Snow does not melt even in summer in cold weather. They form layers that turn into ice and form glaciers. They flow slowly downhill until they either melt or reach the sea. Huge glaciers in the polar regions form thick ice caps that obscure the landscape and spread over the oceans in the form of ice caps.
Ice cave

Melted water can carve spectacular ice caves beneath glaciers.

Snow to ice
In the high mountains, some of the snow that falls in winter is frozen throughout the summer. When winter starts again, more snow falls on it. Over time, ice forms. Its weight compresses the lower layers, expelling most of the air, and converts the ice into solid blue ice.

Creeping glaciers
Snow formed from the compressed ice on a mountain slides like glaciers. Moving ice clears the landscape, creating deep U-shaped basins. It also carries rocks in the middle of long glaciers on the edge of glaciers, or in the middle of two glaciers. They are called moraines.
The front of the ice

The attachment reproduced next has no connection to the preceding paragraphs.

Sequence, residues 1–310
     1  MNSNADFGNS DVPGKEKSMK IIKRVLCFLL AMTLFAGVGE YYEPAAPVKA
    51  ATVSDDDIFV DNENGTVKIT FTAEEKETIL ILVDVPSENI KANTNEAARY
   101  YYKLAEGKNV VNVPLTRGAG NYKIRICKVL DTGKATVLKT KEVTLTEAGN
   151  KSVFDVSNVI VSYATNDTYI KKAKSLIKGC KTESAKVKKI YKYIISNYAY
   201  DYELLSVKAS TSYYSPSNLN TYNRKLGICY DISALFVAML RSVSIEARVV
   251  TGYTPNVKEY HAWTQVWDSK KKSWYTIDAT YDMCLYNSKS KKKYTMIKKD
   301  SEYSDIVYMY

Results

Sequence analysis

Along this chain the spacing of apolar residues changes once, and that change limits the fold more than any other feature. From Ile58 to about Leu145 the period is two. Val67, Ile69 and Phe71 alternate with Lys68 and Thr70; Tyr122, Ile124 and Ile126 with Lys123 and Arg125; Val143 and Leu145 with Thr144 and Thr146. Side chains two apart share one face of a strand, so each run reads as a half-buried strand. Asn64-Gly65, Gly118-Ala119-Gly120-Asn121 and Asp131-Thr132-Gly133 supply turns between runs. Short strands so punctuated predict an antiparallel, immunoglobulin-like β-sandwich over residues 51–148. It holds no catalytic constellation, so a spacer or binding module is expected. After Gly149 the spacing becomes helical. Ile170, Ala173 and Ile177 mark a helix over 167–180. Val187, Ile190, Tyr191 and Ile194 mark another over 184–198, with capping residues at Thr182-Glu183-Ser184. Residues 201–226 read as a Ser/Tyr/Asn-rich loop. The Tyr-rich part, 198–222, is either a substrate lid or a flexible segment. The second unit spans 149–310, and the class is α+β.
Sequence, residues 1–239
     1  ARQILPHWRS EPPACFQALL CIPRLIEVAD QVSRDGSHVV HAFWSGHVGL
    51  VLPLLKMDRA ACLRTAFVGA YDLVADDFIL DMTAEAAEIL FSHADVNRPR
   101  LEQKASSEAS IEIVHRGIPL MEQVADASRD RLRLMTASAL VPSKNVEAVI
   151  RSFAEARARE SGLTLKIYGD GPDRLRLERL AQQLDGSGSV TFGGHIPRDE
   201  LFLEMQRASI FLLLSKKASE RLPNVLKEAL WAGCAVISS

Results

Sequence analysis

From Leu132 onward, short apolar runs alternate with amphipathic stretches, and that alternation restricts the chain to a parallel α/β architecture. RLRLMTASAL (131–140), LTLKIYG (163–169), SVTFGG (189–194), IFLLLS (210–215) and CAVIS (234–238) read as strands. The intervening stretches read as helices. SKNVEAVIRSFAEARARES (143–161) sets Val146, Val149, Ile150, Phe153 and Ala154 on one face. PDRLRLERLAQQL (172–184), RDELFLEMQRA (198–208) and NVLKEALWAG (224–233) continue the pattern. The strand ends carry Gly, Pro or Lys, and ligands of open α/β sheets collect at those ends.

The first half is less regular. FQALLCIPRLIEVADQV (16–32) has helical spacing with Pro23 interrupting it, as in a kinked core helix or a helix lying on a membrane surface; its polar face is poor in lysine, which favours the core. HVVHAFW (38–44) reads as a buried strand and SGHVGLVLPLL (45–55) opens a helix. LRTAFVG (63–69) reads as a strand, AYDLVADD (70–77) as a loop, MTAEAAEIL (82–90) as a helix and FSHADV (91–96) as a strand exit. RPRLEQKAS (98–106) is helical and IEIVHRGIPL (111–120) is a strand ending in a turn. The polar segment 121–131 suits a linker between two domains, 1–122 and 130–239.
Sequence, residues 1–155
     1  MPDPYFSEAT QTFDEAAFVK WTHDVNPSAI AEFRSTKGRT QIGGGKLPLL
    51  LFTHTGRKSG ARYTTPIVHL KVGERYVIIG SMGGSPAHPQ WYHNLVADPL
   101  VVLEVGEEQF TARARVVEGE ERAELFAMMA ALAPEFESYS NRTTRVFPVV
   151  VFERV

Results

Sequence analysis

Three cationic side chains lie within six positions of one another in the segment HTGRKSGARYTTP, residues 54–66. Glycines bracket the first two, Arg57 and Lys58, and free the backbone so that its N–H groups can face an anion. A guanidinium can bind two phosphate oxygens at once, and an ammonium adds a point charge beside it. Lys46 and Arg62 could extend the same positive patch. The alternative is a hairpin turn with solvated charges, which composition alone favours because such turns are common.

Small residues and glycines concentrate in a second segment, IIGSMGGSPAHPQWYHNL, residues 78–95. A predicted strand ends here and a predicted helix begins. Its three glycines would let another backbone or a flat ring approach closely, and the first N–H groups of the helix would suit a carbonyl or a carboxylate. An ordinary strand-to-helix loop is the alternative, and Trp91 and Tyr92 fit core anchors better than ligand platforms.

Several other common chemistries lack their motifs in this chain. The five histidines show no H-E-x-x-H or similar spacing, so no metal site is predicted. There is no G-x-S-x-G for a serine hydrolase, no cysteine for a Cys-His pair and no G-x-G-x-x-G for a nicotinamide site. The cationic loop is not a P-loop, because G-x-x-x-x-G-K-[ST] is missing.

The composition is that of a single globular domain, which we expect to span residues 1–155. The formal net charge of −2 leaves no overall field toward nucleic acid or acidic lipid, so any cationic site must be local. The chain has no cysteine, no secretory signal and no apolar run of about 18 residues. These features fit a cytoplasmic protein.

A mountain glacier flows downhill until it reaches a low altitude where the air temperature is warm enough to melt. If the climate is stable, the glaciers move forward as fast as the ice melts, and the front of the ice remains in place. These are marked by deep ice pits and rock mound terminals moraine.
Ice sheet
Antarctica and Greenland are covered with amazingly deep ice caps. A sheet of East Antarctic ice forms a massive dome up to a thickness of 2.8 miles (4.5 km), and its weight causes the rock beneath it to sink 0.6 miles (1 km) into the Earth’s crust. Parts of the Antarctic ice sheet spread like ice floes across the ocean.
ICE shelf:- Antarctic ice shelves have steep cliffs up to 160 feet (50 m) high.
Retreating glaciers
Most of the world’s glaciers are melting due to global warming. The lower reaches of many mountain glaciers have disappeared, so they seem to have retreated. Some coastal glaciers are collapsing, along with many Antarctic ice caps, and sea levels are rising as all the extra ice falls into the sea.

When a glacier flows to shore, its floating front or snot spreads over the water. Large chunks of ice break in front and float as chunks of iceberg. Some glaciers are huge, tens or even hundreds of miles. But they slowly melt, adding more water to the oceans and forming rocky mounds on the ocean floor.
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